I'd like to thank Krysten Simena for sponsoring this bill (she's one of my Facebook friends). I simply cannot imagine people who get their jollies like this. I think anyone involved in this type of "sport" should be made to sign up for a registry just like sex offenders. Then they should have to inform people in their neighborhoods about their past so they can keep their pets safe from these perverted and sick sociopaths.Published: 03.20.2009PHOENIX - Trained to attack, the dog corners a wild hog, then lunges and sinks its teeth into the hog's ear. The hog squeals wildly, drowning out the cheers of people who paid to see this.After the dog holds on for the required three seconds, the owner pries it off and this round of hog-dog fighting is over. For the hog, the fight won't end until too much of its flesh has been torn off for it to play bait.Hog-dog fighting, as shown in this video posted by The Humane Society of the United States, has mainly been a problem in the South. But law enforcement officials and animal-rights groups say it's a problem in Arizona as well.State lawmakers have introduced a pair of bills designed to make it easier to prosecute those who engage in this blood sport by expanding the definition of animal fighting beyond cock fighting and dog fighting to include all forms of animal fighting."It's a brutal activity," said Rep. Kyrsten Sinema, D-Phoenix, author of one of the bills. "We hear about it, but we just can't do anything about it."Sinema's bill, HB 2150, won committee approval after being amended to exclude instances in which animals are protecting livestock. Sen. Jonathan Paton, R-Tucson, introduced a similar version, SB 1115, but the Senate has yet to take up bills while it deals with the budget.State legislators have introduced bills to ban animal fighting almost every year since 2004, when law enforcement broke up a hog-dog fighting operation in Yavapai County.Hog-dog fighting currently falls under the less severe penalties of animal-cruelty laws, which require prosecutors prove that the wild hogs are property, said Kathleen Mayer, the legislative liaison for the Pima County Attorney's Office."No one really claims ownership for the victims, the pigs, so we don't know who to charge," she said.Under the bills, hog-dog fighting and similar blood sports would carry the same penalties as cock fighting and dog fighting. Organizers and those who permit the fights would face a Class 5 felony carrying up to two years behind bars, and those attending fights would face a Class 6 felony carrying up to 18 months.Most common in rural areas, hog-dog fighting appeared in Southern states in the last 15 years or so, evolving from the use of dogs to hunt wild hogs, which is legal, said John Goodwin, manager of animal-fighting issues with The Humane Society of the United States.Hog-dog fighting, which puts the animals in an enclosure, is much crueler than a hunt, Goodwin said."There's no chance of escape," he said. "And they're just going to be used over and over again."The dogs, usually pit bulls, are trained to chase the hogs and bite down anywhere above their shoulders, while owners and spectators place bets on which dog can do it the fastest.Because the hogs face one dog after another, they often end up having their ears, snouts and parts of their faces ripped off, Goodwin said.A hog's tusks, its main defense, are usually removed to protect the prize-fighting dogs, which often wear Kevlar vests or collars.Law enforcement officials and animal-rights activists interviewed could cite only the Yavapai County case of hog-dog fighting, in which Goodwin's group teamed with sheriff's officials to break up a ring staging fights in Mayer. It was part of a crackdown spanning several states.But that doesn't mean hog-dog fighting isn't happening now in Arizona, said Mike Duffey, an animal cruelty investigator with the Humane Society of Southern Arizona."It's a very sequestered sort of event," he said. "In some places it's remote, and somebody's watching the road that comes in. It's under the radar."Kari Nienstedt, the Arizona state director for The Humane Society of the United States, said that while it can be hard track down animal fighting, the bills would still be a big help when authorities do catch someone."There's very little limits to their cruelty," Nienstedt said of those who stage animal fights. "But rather than chase them down one species at a time, the animal fighting bills will take care of it.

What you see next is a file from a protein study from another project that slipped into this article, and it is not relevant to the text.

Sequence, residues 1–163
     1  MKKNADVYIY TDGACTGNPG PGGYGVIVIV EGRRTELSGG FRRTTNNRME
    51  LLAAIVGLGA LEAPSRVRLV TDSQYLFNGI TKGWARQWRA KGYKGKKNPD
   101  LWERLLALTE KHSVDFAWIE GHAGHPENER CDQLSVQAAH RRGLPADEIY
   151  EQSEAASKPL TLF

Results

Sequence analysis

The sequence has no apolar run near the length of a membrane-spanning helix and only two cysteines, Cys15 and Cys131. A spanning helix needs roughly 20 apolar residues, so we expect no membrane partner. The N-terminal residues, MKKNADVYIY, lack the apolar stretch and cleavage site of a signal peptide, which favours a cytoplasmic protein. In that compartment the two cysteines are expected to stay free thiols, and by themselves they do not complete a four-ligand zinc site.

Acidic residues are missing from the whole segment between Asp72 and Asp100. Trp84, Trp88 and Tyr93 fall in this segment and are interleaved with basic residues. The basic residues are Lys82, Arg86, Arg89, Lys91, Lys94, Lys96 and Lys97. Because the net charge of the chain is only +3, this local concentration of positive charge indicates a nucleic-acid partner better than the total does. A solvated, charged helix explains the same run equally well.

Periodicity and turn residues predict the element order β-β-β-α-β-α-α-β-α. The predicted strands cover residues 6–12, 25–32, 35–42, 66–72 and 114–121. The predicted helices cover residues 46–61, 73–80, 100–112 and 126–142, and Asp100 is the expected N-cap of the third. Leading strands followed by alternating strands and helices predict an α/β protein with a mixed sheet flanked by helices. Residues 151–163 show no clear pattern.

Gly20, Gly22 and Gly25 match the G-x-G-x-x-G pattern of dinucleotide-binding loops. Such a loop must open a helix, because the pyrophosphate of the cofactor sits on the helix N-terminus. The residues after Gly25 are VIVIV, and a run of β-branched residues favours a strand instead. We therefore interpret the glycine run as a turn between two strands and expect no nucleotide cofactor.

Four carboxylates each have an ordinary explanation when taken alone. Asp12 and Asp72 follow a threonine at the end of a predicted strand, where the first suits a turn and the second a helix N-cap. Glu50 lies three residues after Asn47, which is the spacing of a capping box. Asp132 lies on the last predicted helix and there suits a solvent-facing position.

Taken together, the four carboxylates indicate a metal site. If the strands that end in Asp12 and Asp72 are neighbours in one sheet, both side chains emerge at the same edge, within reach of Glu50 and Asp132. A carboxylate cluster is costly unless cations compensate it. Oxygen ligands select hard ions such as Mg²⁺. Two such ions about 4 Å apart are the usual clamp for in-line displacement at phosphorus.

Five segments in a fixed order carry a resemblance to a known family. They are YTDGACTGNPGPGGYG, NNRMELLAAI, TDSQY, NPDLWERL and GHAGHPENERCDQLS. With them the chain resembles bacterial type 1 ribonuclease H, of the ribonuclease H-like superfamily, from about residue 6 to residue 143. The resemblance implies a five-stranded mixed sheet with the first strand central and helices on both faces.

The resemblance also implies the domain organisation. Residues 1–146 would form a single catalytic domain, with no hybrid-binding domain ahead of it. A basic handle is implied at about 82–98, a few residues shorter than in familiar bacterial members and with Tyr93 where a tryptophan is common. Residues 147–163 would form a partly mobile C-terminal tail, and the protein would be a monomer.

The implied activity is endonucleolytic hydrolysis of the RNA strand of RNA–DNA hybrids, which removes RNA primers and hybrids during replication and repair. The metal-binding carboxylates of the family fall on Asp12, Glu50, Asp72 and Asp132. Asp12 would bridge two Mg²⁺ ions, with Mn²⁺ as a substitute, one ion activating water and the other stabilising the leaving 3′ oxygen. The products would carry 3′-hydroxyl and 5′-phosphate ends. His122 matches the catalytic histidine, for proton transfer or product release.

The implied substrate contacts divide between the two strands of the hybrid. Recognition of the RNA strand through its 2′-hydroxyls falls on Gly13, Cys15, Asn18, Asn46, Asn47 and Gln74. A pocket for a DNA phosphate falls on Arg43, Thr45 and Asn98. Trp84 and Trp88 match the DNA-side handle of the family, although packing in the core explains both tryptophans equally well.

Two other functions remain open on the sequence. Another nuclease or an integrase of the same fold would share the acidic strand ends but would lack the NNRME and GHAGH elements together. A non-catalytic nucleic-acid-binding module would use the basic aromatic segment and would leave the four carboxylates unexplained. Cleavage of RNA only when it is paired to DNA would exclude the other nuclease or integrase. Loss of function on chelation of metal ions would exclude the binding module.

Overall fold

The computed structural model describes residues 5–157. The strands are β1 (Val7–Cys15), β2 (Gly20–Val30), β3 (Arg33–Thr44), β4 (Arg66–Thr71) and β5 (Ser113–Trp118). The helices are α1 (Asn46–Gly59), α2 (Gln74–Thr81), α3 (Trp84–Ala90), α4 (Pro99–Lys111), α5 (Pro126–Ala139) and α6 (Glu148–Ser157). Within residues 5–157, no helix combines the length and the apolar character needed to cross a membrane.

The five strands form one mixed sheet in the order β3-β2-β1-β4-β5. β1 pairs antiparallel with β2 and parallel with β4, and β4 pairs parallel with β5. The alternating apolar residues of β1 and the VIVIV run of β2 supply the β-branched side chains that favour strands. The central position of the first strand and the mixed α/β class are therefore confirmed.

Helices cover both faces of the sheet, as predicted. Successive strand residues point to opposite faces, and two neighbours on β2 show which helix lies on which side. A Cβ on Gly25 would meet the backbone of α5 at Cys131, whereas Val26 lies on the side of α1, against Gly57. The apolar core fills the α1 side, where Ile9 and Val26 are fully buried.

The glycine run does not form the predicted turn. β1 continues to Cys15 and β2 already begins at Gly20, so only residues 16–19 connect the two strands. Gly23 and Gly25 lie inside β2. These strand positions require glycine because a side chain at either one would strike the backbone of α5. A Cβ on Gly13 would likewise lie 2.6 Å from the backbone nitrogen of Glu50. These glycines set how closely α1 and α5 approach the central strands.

Better yet, keep them in cages after they're caught and just bump up that Ultimate Fighters Challenge to include fights to the death with these guys in the ring until only one is left breathing.
Sorry, but this type of thing makes my blood boil!